A year after the armed occupation of a federal wildlife refuge, new
and old players wage battle over what and whom the lands are for.
By KIRK JOHNSON APRIL 14, 2017 NYT
BURNS, Ore. — A year ago, this corner of rural Oregon became center stage in the drawn-out drama over public lands when armed militia leaders seized a national wildlife refuge, arguing that the government had too much control of land in the West.
Now that President Trump is in office, people here and in other parts of the 11 states where 47 percent of the landmass is publicly owned are watching to see what he will do on everything related to public lands, from coal mining and cattle grazing to national monuments and parks. In Burns, some ranchers and others are feeling emboldened, hopeful that regulatory rollbacks by the federal government will return lands to private use and shore up a long-struggling economy.
But the change in administration has also spawned a countermovement of conservatives and corporate executives who are speaking up alongside environmentalists in defense of public lands and now worry about losing access to hunting grounds and customers who prize national parks and wildlife.
In Idaho, for example, a deal to put thousands of acres into private ownership — exactly the sort of transaction that the militia leader brothers, Ammon and Ryan Bundy, had espoused in seizing the Malheur National Wildlife Refuge — was met with fierce opposition, by no less than a group of conservative outdoorsmen.
CreditRuth Fremson/The New York Times
The deal had been in the works for years and was backed by Republican elected officials, who said that adding new taxable private land would generate business activity and property tax revenue.
But the proposal, to the surprise of many people on both sides, hit a wall with people like Ray Anderson, a machine shop owner in the tiny community of Grangeville, Idaho, who raised money and helped a group of fellow outdoor enthusiasts kill the plan and boot out of office a county commissioner and state senator who had supported it. Mr. Anderson said he feared that Idaho County, rural and in need of cash, would encourage private owners to develop the lands, or put up fences to keep out hunters and fishermen like him.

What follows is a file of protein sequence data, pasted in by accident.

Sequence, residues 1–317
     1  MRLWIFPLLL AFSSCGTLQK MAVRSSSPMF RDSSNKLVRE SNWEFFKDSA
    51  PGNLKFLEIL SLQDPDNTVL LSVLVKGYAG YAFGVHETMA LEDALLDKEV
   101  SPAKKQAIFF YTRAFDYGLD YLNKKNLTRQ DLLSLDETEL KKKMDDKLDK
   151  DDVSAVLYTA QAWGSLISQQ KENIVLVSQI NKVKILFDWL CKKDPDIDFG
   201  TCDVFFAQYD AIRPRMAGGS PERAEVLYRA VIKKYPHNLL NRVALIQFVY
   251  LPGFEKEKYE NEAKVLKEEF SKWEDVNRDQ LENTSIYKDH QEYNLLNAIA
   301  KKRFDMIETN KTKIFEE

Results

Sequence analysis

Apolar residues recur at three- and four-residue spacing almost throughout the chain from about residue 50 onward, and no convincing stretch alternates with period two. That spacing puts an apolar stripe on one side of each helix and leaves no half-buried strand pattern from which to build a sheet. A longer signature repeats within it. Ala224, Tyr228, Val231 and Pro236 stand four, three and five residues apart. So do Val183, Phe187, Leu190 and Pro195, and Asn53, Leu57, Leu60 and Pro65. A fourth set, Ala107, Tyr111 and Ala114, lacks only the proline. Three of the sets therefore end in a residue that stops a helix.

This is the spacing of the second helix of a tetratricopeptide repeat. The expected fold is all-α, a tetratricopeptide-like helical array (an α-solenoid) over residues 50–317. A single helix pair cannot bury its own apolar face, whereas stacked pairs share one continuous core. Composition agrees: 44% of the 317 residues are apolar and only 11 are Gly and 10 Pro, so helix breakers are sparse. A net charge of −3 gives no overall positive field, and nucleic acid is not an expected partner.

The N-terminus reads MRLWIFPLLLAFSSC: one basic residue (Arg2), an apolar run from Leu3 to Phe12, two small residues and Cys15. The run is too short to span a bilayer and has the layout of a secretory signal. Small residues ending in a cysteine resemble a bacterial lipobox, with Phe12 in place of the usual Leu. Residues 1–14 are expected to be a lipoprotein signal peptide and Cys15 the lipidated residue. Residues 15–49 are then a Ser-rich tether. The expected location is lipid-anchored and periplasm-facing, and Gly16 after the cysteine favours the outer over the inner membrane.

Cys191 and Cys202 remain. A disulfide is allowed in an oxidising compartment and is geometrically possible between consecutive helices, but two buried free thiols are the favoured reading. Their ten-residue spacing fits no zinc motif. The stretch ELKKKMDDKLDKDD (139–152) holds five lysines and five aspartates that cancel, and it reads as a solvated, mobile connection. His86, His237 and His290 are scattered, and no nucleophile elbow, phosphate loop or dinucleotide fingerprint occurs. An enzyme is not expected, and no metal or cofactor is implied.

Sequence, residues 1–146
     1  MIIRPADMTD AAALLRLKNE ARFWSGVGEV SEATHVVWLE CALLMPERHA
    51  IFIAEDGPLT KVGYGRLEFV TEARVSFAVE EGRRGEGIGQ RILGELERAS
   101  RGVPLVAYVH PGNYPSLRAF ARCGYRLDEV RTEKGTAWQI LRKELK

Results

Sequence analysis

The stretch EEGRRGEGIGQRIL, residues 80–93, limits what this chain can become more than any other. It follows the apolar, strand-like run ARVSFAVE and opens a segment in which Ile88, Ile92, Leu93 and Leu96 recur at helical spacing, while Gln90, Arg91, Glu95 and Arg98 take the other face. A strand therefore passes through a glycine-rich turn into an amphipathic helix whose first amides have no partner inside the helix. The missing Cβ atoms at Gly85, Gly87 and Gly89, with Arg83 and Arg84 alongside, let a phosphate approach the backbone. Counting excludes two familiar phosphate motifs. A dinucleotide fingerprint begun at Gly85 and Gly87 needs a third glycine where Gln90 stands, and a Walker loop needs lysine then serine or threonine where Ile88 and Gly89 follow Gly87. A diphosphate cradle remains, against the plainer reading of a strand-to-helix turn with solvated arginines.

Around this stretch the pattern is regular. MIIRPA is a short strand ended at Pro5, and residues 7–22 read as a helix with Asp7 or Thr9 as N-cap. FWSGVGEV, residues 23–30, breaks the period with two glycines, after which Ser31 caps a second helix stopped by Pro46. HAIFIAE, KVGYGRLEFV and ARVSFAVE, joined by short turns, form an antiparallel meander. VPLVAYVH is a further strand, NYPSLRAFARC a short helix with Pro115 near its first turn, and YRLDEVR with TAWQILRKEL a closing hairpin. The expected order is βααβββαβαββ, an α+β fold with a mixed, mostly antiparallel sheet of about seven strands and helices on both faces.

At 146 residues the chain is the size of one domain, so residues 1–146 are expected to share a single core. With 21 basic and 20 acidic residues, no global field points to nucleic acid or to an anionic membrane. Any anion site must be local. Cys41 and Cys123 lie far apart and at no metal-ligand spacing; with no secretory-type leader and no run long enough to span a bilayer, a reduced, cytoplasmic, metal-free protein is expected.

“I’m a businessman and I’m a conservative, but nothing about the plan seemed to make sense,” Mr. Anderson said. “Where I grew up I was told that public lands will be public lands forever.”
In Montana, access to public lands for recreation shaped last fall’s governor’s race, with the incumbent, Gov. Steve Bullock, a Democrat, staking out a position in defense of public lands and portraying his Republican opponent as captive to private interests that would put up gates and fences. Mr. Bullock won.
In Utah a new fight over lands has energized the outdoor recreation industry.
Earlier this year, organizers behind a big outdoors trade show — held in Salt Lake City for the last 20 years — announced they would move the show’s location in 2019 because of the opposition by the state and its congressional delegation to the creation of the 1.35 million-acre Bears Ears National Monument, endorsed by President Barack Obama in his final months in office. The convention’s organizer, Outdoor Retailer, said in a joint statement with two trade groups representing hundreds of companies that they would seek a new location “that upholds our industry’s core values around the importance of America’s public lands.
The outdoor outfitter Patagonia has made Bears Ears, about 300 miles southeast of Salt Lake City, part of a national advertising campaign, linking its brand to land rights with a series of videos and sponsorship messages on public television.
“We intend to keep the pressure on until we are confident public lands are protected,” said Rose Marcario, the president and chief executive of Patagonia. “Patagonia and many other companies in the outdoor industry are not going to stand by and watch as elected officials denigrate our public lands. These lands are the backbone of our business,” she said in an email.
A conservative group in Utah called the Sutherland Institute has fired back with its own television ad, urging President Trump and Congress to revoke or at least reduce the size of the new monument.